Introduction

Introduction to My Blog

With this blog, I aim to ask and answer provocative or otherwise interesting questions. I hope you find it valuable. Enjoy!

Tuesday, June 23, 2020

My View of Religion

In 2019, for the first time in U.S. history, less than half of Americans considered religion 'very important' in their lives. Those without any religious affiliation reached 21 percent of Americans, representing about as much of the country as Catholics do. I doubt any of these figures come as a surprise to you. I am part of the rising 21 percent, but have conflicting views on these trends.

By any reasonable definition, I am an atheist. Half of my ancestry is Ashkenazi Jewish but I do not consider this integral to my identity. Many remark on my stereotypically Jewish curly hair, and I love Middle Eastern/Israeli food, but those facts hardly make me Jewish in any meaningful way. Some non-religious Jews I know still accept the label 'culturally Jewish.' Regardless, I am irreligious and don't consider myself Jewish.

I have many problems with religion. I distrust any system of belief that discourages critical examination of certain ideas and practices. This structure too often breeds social stagnation. Each additional religion also adds another 'us' and 'them' distinction in a world overflowing with such exclusive identities. Furthermore, many of the most popular religions in the world hold as sacred texts that encourage such tribalism. Religious claims also tend to be unfalsifiable, and rely on arguments from authority.

Deep trust in unaccountable religious institutions creates potential for manipulation and predation. Six months ago, this headline appeared in the New York Times: "Pope Francis Abolishes Secrecy Policy in Sexual Abuse Cases (article link)." Prior to this policy change, any sexual abuse by ministers had been officially considered a high secret within the church, forbidden to be divulged to secular authorities.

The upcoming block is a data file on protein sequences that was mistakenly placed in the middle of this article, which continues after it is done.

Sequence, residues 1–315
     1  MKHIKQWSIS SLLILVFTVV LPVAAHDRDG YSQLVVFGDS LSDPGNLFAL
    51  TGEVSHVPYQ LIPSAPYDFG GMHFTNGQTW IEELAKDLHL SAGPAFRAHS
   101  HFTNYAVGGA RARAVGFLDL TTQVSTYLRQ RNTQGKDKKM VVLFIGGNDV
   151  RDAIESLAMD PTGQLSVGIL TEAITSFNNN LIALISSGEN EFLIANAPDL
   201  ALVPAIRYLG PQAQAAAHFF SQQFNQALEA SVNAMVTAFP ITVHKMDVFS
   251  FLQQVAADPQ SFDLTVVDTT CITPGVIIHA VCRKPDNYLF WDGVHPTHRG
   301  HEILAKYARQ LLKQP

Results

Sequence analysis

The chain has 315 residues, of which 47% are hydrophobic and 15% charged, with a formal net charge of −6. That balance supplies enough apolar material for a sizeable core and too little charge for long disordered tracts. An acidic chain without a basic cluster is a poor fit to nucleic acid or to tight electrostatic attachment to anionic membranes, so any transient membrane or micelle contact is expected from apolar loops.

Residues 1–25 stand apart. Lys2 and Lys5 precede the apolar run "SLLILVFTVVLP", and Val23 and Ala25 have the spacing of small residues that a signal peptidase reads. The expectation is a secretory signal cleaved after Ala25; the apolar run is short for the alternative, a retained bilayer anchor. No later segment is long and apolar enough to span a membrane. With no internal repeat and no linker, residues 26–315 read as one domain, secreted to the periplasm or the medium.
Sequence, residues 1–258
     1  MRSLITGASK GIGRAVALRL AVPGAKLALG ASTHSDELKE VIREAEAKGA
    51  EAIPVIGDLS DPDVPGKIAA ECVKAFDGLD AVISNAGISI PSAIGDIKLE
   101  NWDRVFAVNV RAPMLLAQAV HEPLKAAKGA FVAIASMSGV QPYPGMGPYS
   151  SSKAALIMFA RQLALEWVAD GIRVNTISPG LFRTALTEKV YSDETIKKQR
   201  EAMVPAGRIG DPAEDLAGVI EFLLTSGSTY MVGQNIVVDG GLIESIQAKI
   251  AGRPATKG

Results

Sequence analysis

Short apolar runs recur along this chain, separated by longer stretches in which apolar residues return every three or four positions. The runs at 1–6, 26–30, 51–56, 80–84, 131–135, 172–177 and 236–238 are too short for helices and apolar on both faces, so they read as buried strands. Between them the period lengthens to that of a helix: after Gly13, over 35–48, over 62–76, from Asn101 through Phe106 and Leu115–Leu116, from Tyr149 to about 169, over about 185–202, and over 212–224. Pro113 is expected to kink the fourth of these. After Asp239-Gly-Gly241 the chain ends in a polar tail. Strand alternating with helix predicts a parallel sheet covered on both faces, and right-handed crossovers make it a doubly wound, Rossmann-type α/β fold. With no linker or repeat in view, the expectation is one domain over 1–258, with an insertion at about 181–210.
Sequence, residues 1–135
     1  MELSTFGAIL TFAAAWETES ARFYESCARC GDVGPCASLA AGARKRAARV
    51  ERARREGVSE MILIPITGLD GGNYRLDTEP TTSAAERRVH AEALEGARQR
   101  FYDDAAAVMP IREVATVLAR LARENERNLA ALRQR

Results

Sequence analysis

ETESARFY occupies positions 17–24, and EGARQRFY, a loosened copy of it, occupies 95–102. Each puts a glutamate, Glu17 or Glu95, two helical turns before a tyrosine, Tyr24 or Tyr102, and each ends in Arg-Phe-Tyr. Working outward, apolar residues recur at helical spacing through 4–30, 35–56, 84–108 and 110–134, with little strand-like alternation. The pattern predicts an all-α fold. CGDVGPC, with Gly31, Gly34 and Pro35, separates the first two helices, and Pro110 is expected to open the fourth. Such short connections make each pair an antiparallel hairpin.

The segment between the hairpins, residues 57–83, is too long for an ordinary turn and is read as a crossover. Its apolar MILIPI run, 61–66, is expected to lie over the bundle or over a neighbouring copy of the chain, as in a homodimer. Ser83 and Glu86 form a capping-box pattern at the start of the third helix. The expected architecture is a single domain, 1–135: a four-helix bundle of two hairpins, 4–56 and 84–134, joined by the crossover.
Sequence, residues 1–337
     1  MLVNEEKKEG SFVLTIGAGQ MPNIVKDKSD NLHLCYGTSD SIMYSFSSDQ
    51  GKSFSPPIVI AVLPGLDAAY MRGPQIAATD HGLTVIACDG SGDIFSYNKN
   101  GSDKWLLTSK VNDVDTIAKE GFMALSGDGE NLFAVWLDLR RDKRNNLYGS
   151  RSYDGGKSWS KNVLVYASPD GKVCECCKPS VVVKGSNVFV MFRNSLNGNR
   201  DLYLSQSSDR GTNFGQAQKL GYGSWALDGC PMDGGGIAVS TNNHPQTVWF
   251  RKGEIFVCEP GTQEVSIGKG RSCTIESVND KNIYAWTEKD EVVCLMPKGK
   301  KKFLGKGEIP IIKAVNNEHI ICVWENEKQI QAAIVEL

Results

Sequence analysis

Prepare to be further disappointed.  The new policy merely made it "acceptable -- but not required -- to turn information about abuse claims over to the police, prosecutors, and judges." Try to imagine an explicit cover-up of child abuse on this scale in any other kind of institution, like a school or daycare center. Then imagine this school or daycare center receiving no seriously punitive legal penalty. This would be inconceivable.

So why is it that the Catholic Church can operate in this way with relative criminal and legal impunity? I believe the key to answering this question is understanding the perspectives of the most devout Catholics.

Imagine being a captain of a ship before modern technology. When in the open sea, you rely on your trusty compass to know where you are headed. During storms and times of uncertainty, your compass guides you and reassures you. Imagine that, three months into a critical voyage, you discover that your compass was broken and had led you far off course. Imagine the one thing that you thought you could always trust in turbulent times was actually quite fallible. Then, add decades of emotional attachment and trust to the situation. This is the predicament of devoted Catholics learning of child abuse in the church.

An institution like the Catholic Church cannot be understood strictly as the human enterprise that it is. It is also the accumulated trust, memories, and broader psychological imprint it has left on millions of people. To be a devoted Catholic and learn of child abuse in the church is to have the rug abruptly tugged out from under you. It is utterly destabilizing. This level of uncritical trust and devotion to a human enterprise, in my view, affords certain ideas, people, and organizations an unjustifiable immunity to criticism.

Critical thinking needs to be a tool we always feel comfortable employing, including and especially regarding the people and institutions with which we identify. Without this principle, we lose an important mechanism for correcting mistakes and learning from perspectives in conflict with our own.